Many authors create content that thrives on storytelling and sharing organizational environments that are succeeding in leadership and emotional intelligence with consistency. While the story shared may or may not be the whole truth as it happened, a storyteller’s truth is enough truth for the population to run with their own perspective.
Storytellers, journalists, news reporters alike learn to become so comfortable controlling a room, persuading a crowd, using influential messaging in such a way that it is sure to capture the reader’s eye. Lies and misleading stories can find themselves across highlights faster and often longer than the truth as if to highlight the continued reminder of success that is social media in today’s society. Modern day addiction to these social environments is bred from power and control and the desire to stay on top and, not only stay on top, but continue to rise.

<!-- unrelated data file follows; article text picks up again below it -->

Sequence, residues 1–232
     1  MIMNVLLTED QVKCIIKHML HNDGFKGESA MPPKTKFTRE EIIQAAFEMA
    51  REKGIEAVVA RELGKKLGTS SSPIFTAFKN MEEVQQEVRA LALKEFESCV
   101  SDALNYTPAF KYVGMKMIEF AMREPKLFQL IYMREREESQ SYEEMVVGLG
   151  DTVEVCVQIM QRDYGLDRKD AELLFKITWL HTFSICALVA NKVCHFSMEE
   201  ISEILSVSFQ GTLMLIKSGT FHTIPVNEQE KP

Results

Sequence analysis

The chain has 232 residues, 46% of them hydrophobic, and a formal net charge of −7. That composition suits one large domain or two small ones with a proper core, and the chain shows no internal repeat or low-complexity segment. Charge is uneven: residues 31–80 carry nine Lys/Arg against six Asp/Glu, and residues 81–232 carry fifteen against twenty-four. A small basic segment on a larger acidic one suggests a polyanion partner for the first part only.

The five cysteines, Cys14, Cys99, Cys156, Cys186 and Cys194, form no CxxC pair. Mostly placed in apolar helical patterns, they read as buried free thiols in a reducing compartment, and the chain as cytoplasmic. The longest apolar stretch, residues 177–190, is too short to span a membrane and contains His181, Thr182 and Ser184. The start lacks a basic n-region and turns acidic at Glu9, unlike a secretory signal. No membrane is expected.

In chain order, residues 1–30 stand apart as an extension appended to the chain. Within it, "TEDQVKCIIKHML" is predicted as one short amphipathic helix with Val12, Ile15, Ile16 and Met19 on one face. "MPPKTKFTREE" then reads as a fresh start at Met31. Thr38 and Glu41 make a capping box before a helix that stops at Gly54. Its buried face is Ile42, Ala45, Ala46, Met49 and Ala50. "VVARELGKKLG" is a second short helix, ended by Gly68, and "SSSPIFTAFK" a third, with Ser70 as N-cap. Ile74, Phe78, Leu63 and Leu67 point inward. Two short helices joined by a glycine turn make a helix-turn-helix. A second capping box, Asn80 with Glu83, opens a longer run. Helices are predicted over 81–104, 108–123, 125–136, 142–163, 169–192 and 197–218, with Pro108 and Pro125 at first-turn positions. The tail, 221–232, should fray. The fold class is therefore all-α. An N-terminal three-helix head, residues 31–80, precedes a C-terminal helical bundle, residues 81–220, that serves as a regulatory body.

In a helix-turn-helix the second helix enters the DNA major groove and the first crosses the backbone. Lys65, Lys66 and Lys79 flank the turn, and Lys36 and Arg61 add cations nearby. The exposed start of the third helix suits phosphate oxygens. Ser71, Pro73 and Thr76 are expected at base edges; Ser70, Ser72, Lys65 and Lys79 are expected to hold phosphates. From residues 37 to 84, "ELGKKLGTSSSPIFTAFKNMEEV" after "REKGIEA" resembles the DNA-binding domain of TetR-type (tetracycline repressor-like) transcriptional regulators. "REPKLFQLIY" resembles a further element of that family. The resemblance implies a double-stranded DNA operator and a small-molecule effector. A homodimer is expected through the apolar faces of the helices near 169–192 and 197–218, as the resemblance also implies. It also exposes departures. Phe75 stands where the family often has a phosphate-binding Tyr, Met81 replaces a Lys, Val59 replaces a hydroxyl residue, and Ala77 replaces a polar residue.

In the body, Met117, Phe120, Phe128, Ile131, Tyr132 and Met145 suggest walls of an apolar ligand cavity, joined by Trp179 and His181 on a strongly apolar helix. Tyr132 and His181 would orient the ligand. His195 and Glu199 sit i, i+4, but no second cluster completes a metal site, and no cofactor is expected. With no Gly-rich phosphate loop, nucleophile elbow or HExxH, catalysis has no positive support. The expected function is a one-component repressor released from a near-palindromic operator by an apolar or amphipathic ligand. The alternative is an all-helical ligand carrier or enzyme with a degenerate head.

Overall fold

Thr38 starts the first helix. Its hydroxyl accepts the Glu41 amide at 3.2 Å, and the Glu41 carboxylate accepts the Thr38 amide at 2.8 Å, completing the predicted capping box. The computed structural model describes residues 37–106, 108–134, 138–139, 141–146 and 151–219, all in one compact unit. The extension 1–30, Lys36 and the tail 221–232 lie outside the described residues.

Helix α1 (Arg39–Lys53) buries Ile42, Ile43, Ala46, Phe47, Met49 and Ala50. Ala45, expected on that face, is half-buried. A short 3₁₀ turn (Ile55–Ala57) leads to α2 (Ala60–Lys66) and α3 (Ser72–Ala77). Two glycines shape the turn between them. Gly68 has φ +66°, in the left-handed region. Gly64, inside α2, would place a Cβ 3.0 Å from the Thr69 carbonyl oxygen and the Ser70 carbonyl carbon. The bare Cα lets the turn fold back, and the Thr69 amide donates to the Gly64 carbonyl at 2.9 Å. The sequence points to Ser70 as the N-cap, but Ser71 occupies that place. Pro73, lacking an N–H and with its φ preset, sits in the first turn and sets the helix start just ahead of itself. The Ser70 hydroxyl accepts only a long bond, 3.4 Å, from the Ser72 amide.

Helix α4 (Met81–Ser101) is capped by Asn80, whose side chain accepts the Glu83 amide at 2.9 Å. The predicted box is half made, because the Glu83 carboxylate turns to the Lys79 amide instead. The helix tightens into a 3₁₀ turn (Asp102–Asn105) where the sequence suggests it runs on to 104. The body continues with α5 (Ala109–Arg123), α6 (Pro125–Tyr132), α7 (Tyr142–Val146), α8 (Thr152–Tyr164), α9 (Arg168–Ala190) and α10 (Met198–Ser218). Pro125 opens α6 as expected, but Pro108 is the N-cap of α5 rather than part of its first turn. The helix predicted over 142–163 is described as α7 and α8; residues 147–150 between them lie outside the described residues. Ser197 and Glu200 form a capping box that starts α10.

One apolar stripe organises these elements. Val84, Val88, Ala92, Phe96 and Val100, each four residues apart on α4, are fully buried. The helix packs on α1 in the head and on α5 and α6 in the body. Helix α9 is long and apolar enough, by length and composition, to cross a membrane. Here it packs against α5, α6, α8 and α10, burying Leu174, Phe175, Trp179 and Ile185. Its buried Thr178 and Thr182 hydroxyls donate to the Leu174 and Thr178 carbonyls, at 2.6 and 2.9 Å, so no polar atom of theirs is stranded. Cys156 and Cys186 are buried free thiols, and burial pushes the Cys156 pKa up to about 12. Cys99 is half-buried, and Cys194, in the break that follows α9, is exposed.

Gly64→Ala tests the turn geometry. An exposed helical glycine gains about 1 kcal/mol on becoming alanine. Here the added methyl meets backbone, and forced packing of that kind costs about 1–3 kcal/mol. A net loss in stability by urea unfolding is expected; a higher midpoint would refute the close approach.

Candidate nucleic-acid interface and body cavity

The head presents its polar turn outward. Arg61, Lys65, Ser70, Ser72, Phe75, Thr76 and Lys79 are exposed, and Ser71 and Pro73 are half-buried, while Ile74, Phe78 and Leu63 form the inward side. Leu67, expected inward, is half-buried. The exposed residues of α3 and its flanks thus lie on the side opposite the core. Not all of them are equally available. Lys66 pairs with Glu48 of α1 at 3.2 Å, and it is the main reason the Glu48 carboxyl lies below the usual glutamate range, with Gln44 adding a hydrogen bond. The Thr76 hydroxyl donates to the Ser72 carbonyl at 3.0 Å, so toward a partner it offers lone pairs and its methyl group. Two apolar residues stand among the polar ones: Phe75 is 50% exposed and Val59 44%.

The storyteller is always subjective to their own bias, their own experiences, and their own emotions, even if just a little bit. In opposing effect the storyteller is also subject to their audiences bias, experiences, and emotion. Decisions made to be reactive to a response and verbalize the situation to others in efforts to better understand, find meaning, be rational, can lead to emotional results. Emotions of humans are arguably one of the most uncontrolled adjectives in the entire dictionary covering definitions of philosophical and psychological terms. Consistency in telling the truth more that not leads to trust, confidence and loyalty over time. This lends to reveal that organizations struggle in the area of storytelling whether or not they advertise it. Intellectual ability to listen, to hear, and to comprehend go beyond the one who has a story for everything.
Kassie Diaz is a USMC Veteran with over 23 years of experience supporting the DoD. She holds multiple degrees and is currently pursuing her PhD in Philosophy, Industrial & Organizational Psychology.